I used to be shy at parties, not knowing how to get a conversation started. But now I have a magic topic: “short-term rental.” When people discover that my husband and I rent out our home to help pay for trips to places like New York, Istanbul, Paris, Mexico, and Montreal, they invariably want to know more. Here are some quick answers to some of their frequently asked questions.
Disclaimer: Although the information about in this post is accurate factual as far as I know, it’s only an overview. In particular, the laws, regulations, rules, and taxes related to short-term rentals can be very complicated. Everyone’s situation is different, so I strongly recommend that you consult professionals such as attorneys and tax advisers.
Is it safe to rent my home to strangers?
Yes, and no. There are no guarantees. But we’ve never had more than minor problems. That’s because we make an effort to get to know the people we’re renting to. We talk to them on the phone or via Skype. We look them up on the Internet and ask for documents such as driver’s licenses or passports to prove they are who they say they are. We ask for references. We also trust our intuition: if something seems wrong, it might very well be wrong, and we’d rather lose the rental than risk serious problems.
Why would someone want to rent my home?
It depends partly on what type of home you have and where you live. If your home is near the beach, the lake, or the ski slopes, you’ll be more likely to attract vacationers. In a major city, you might attract a lot of tourists from other countries. In our suburban area, we’ve had tourists who wanted to “live like a local”; people who were visiting family, attending a wedding or other special event, or in the process of relocating; locals whose homes were being renovated; and more.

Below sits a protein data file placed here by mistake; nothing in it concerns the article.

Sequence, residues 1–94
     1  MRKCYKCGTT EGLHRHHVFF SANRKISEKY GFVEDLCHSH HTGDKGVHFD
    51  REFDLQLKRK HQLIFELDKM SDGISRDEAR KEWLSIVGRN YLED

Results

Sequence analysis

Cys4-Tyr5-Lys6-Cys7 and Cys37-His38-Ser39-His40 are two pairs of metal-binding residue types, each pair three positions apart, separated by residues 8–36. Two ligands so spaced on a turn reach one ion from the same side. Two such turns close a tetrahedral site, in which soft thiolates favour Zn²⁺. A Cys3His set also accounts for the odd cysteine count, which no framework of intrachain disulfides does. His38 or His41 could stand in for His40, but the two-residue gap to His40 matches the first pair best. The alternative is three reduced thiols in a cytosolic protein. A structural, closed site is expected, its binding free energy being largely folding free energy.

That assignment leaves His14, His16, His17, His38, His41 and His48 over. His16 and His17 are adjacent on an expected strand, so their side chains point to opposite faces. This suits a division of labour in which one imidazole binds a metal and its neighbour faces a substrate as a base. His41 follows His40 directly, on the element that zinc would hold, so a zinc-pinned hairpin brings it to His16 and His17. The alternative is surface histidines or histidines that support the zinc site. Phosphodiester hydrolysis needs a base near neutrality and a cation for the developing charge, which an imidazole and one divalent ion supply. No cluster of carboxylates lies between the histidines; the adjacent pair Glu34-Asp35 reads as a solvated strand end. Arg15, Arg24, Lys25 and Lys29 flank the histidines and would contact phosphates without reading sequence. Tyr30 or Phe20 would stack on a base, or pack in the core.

Is it okay for me to rent out my home? How do I check?
We live in a private home in a residential suburban area. We also have a condo in San Francisco. There are currently no restrictions on renting out our primary residence. But San Francisco is in the process of enacting significant restrictions on short-term rentals; we are also subject to our building’s HOA rules regarding rentals. For that reason, we set a minimum rental period of 30 days, so our condo won’t be subject to short-term rental regulations.
If you belong to an HOA, live in a Coop building, or are a tenant yourself, you might not be allowed to rent out your home. Your city, town, or even state might have enacted legislation that impacts your ability to do a short-term rental. Check your HOA or Coop documents or your lease, and do a search for short-term rental regulations or laws that might affect you.
How much time and work does the short-term rental process take?
Setting up and managing a short-term rental isn’t something you can do overnight. It takes a lot of time to get started – educate yourself about laws and regulations that might apply, research short-term rental sites, and create a great home listing that helps make your home stand out from the competition. It takes time to respond to inquiries, screen guests, and finalize arrangements. And it takes more time to get your home ready for guests and set up a system to take care of things while you’re away.